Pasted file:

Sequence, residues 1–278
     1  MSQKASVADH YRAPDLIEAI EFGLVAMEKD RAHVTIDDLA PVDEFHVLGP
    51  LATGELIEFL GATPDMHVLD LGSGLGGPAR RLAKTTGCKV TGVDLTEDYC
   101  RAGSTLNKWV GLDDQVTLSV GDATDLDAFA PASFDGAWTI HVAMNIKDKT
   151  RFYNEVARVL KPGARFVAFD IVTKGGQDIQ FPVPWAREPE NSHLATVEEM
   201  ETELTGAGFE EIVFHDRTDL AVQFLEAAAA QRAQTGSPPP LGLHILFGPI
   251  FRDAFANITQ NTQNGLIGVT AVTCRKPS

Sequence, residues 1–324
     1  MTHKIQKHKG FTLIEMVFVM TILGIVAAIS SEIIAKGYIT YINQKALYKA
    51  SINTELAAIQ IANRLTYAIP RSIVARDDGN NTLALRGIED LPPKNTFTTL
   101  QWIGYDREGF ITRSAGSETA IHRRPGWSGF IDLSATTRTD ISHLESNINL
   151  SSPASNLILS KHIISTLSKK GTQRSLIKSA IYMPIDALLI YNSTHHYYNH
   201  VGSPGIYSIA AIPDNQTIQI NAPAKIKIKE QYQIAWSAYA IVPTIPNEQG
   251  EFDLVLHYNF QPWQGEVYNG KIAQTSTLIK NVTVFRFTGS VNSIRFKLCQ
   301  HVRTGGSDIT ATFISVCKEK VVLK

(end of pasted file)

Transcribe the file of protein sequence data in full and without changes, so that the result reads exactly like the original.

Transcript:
Sequence, residues 1–278
     1  MSQKASVADH YRAPDLIEAI EFGLVAMEKD RAHVTIDDLA PVDEFHVLGP
    51  LATGELIEFL GATPDMHVLD LGSGLGGPAR RLAKTTGCKV TGVDLTEDYC
   101  RAGSTLNKWV GLDDQVTLSV GDATDLDAFA PASFDGAWTI HVAMNIKDKT
   151  RFYNEVARVL KPGARFVAFD IVTKGGQDIQ FPVPWAREPE NSHLATVEEM
   201  ETELTGAGFE EIVFHDRTDL AVQFLEAAAA QRAQTGSPPP LGLHILFGPI
   251  FRDAFANITQ NTQNGLIGVT AVTCRKPS

Sequence, residues 1–324
     1  MTHKIQKHKG FTLIEMVFVM TILGIVAAIS SEIIAKGYIT YINQKALYKA
    51  SINTELAAIQ IANRLTYAIP RSIVARDDGN NTLALRGIED LPPKNTFTTL
   101  QWIGYDREGF ITRSAGSETA IHRRPGWSGF IDLSATTRTD ISHLESNINL
   151  SSPASNLILS KHIISTLSKK GTQRSLIKSA IYMPIDALLI YNSTHHYYNH
   201  VGSPGIYSIA AIPDNQTIQI NAPAKIKIKE QYQIAWSAYA IVPTIPNEQG
   251  EFDLVLHYNF QPWQGEVYNG KIAQTSTLIK NVTVFRFTGS VNSIRFKLCQ
   301  HVRTGGSDIT ATFISVCKEK VVLK